Thursday, January 30, 2014

Labor Day (Rhoades)

Front Row at the Movies

“Labor Day”
Reviewed by Shirrel Rhoades

Nicholas Sparks, watch out. Instead of his usual smart comedies (e.g. “Juno,” “Thank You For Smoking,” “Up In the Air”), director Jason Reitman gives us a heartbreaking romantic drama titled “Labor Day.”

As one moviegoer said, “It is a little like a Nicolas Sparks book except with Oscar level acting, directing, cinematography, and screen writing .…”

That translates as Kate Winslet and Josh Brolin being directed by Reitman in a film based on a book by Joyce Maynard.

“Labor Day” is currently playing at the Tropic Cinema.

Although mainly aimed at women, guys in the audience will like it too. The story’s about a tough guy who finds love.

Here we have an escaped convict (Josh Brolin) making a connection with the family he’s holding captive.

Adele (Kate Winslet) and her seventh-grader son Henry (Gattlin Griffith) have pretty much given up on their happiness after Adele’s husband abandoned them for a younger wife. But along comes a guy on the lam who highjacks the woman and her son at a discount clothing store, forces them to take him to their ramshackle farm home, ties them up to a chair, and then proceeds to lure mother and son into his own surprisingly emotional world.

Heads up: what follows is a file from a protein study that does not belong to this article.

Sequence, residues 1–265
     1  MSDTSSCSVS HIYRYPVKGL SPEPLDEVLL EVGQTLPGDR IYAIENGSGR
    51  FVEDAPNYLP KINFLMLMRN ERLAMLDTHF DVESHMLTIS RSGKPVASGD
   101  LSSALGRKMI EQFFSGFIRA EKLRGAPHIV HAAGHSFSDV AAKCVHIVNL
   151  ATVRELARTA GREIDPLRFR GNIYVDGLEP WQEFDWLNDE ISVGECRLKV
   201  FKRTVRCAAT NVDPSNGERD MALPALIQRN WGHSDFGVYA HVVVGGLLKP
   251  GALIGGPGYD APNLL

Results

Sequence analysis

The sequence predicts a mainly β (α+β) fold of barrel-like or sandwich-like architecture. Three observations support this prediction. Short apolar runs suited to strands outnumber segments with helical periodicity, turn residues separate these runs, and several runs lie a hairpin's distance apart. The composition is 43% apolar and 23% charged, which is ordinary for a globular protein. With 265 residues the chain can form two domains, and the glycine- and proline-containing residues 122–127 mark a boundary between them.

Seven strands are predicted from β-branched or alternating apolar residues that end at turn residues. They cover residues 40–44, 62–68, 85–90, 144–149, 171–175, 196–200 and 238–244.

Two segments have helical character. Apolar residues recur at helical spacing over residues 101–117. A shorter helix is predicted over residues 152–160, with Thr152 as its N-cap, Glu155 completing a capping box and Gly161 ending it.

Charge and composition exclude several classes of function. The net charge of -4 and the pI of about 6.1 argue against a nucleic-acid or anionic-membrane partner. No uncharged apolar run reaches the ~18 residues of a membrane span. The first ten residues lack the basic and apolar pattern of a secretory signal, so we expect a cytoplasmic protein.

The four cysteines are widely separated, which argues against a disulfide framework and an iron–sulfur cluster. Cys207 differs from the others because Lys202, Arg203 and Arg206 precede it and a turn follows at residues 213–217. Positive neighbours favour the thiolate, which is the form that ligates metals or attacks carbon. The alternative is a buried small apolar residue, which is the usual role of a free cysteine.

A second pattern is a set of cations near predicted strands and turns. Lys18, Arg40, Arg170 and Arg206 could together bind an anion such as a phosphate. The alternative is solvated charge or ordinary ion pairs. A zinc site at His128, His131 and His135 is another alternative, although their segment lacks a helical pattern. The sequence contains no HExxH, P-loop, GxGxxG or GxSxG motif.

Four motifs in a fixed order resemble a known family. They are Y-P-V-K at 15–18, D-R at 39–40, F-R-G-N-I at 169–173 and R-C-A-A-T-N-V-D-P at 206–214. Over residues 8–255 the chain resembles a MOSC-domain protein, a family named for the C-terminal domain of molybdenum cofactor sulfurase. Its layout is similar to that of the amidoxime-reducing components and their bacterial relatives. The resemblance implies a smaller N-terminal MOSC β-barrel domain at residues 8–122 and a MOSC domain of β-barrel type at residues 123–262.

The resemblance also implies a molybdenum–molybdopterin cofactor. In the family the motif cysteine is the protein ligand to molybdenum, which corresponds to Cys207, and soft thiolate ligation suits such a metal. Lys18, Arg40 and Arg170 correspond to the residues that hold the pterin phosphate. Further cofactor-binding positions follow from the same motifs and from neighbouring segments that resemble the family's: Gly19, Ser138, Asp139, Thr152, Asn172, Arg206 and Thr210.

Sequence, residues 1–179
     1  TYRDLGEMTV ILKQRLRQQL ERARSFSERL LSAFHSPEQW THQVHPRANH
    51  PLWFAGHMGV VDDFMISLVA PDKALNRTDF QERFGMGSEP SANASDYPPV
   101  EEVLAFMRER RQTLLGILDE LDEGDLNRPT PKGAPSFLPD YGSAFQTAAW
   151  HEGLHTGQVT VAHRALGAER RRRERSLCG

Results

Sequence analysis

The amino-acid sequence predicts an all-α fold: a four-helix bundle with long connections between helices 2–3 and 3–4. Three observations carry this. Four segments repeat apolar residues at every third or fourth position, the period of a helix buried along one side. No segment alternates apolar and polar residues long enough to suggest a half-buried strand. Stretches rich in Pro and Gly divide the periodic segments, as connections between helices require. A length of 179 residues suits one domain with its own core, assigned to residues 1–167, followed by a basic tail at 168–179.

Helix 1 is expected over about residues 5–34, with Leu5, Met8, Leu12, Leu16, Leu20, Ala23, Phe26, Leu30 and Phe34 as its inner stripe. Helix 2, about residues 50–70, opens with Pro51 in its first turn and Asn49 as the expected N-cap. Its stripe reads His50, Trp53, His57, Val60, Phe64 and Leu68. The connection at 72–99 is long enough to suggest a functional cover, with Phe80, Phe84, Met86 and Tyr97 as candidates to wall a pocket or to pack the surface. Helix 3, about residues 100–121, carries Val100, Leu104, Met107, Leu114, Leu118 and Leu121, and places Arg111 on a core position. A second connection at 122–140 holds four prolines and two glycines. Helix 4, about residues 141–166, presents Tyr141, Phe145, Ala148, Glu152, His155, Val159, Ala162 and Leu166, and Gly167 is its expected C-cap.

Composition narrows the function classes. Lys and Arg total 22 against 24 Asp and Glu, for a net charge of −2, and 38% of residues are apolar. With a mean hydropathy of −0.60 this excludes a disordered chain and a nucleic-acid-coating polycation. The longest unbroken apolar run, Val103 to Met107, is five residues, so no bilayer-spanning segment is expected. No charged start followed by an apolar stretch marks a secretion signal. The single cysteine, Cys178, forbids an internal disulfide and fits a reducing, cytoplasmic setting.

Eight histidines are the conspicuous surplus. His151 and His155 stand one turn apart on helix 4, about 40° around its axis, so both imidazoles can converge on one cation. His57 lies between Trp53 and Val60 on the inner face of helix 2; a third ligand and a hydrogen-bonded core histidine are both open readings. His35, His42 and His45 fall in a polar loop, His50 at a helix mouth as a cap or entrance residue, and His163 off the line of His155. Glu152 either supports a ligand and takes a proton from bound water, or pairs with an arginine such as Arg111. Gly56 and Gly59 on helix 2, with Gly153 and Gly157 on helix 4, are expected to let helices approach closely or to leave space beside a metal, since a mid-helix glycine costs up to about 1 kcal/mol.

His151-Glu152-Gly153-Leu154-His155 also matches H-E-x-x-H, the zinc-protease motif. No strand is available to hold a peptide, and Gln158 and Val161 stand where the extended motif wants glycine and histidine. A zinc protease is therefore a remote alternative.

No, we’re not talking Stockholm Syndrome. Adele is certainly needy, depressed, and lonely. And Henry wants a father. But they sense something more in Frank than hardened criminality or their own wish fulfillment.

After all, Frank makes a delicious (read: sensuous and gooey) peach pie. He teaches Henry how to play baseball. And while doing odd jobs around the house, he passes himself off as the family’s handyman ... but is obviously becoming more than that on that long Labor Day weekend in 1987.

Steadily, the film moves from “Desperate Hours” territory, closer to the landscape of “The Bridges of Madison County.” Or “Far From Heaven.”

Yet there is plenty of tension as we ponder the outcome. Is this man accused of murdering his wife dangerous? Are there dark secrets to be revealed? Will the cops catch this killer on the loose? What will happen to the mother and son?

This love story is narrated by a grown-up Henry (Toby Maguire), always the outsider looking in. Having become a successful baker, he’s there to give us the film’s sentimental, but satisfying denouement.

At times predictable, the film is also intimate and touching. Remember that it’s based on a same-named book by Joyce Maynard, the writer who lived with J.D. Salinger as a young woman. Among numerous books and essays, she wrote a syndicated column called “Domestic Affairs.” She penned “Labor Day” in 2009, a coming-of-age story that Reitman snapped up for his fifth feature film.

“Some people don’t want to feel uncomfortable,” he says. “And perhaps they’re only going to understand the movie once they’ve had a conversation with a friend about it. This is the kind of movie where it’s not just going to settle immediately. You don’t walk out the door and go, ‘Yay! I wanna go buy the t-shirt,’ you know? I think for some it might be a couple days of talking to your friends who have also seen it or convincing your friends to see it so you can talk about it.”

As it turns out, “Labor Day” is a gorgeous mood piece. The cinematography by Eric Steelberg makes each image look like a Hallmark card. In fact, the film veers awfully close to becoming a Hallmark TV movie. But Jason Reitman carefully brings it in as an art film, deserving of our applause for Winslet and Brolin’s performances.

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